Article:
{{featured_button_text}}
Paper Moon by Michelle Dyk
Between This Life and the Next by Carlin Bear Don't Walk

Traffic signal boxes in the downtown area are getting some much-needed attention through the Downtown Billings Alliance, a non-profit organization developing downtown Billings.

The metal boxes are being decorated with images of original works of art by regional artists, a program that has been in place for six years and has covered 27 signal boxes in total, including five new installations unveiled in late June.

"The movement to wrap traffic signal boxes in original artwork has become popular throughout the nation and in other Montana cities as a way to enrich the cityscape and reduce graffiti," said Molly Schiltz, arts and culture coordinator with the Downtown Billings Alliance, in a press release. The vinyl is weather resistant as well as resistant to spray paint, markers, damage from adhesives, and can last up to five years.

Equine by Brooke Moore

The most recent additions are “Between This Life and the Next” by Carlin Bear Don’t Walk at First Avenue North and North 26th, “Equine” by Brooke Moore at 30th and Montana Avenue, “Wildlife” by John Speier on First Avenue North and North 32nd, “Paper Moon” by Michelle Dyk at First Avenue North and North Broadway, and “Magenta #1” by Ruby Hahn at Montana Avenue and North Broadway.

Call for artists

You have free articles remaining.

Become a Member

Wildlife by John Spier

On July 1, a call for artists was released for the 2020 installation cycle. Artists are invited to apply for the Traffic Signal Box Program through the Downtown Billings Public Art Committee.

According to a press release, artists may submit two-dimensional work of any medium. All submissions are reviewed by a selection panel and chosen artists will be commissioned to create a piece that will be digitally transferred to vinyl overlay and professionally wrapped around the traffic signal box. Artists selected for the program will also receive $600 in compensation.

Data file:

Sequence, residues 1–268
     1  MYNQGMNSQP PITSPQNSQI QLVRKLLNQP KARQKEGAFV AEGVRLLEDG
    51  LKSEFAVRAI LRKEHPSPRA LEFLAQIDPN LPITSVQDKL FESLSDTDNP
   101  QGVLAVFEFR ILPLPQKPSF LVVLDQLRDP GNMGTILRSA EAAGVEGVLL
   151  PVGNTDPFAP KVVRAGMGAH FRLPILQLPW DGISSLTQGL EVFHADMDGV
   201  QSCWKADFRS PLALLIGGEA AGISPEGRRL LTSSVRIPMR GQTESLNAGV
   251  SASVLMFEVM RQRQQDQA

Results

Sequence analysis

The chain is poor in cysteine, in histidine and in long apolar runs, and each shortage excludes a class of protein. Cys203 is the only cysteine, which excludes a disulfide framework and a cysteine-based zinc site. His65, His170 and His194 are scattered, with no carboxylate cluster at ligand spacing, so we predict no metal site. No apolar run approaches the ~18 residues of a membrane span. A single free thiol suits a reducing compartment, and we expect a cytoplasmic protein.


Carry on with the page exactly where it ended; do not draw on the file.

In 2018, the program became fully funded by the City of Billings Public Works Department, funded through the next five years, according to Schiltz. Each box costs $1,500 to complete, with half the expenses being printing and installation and the remainder is paid to the artist. 

Magenta #1 By Ruby Hahn

Existing wraps can be seen in Downtown Billings at intersections spanning from First Avenue South to Poly Drive and from North 26th to Division Street. Existing signal box wraps and their locations can also be viewed on the interactive Public Art Map at downtownbillings.com/public-art, where applications can also be found. The application deadline is September 20.

Get News Alerts delivered directly to you.

* I understand and agree that registration on or use of this site constitutes agreement to its user agreement and privacy policy.
2
0
0
0
1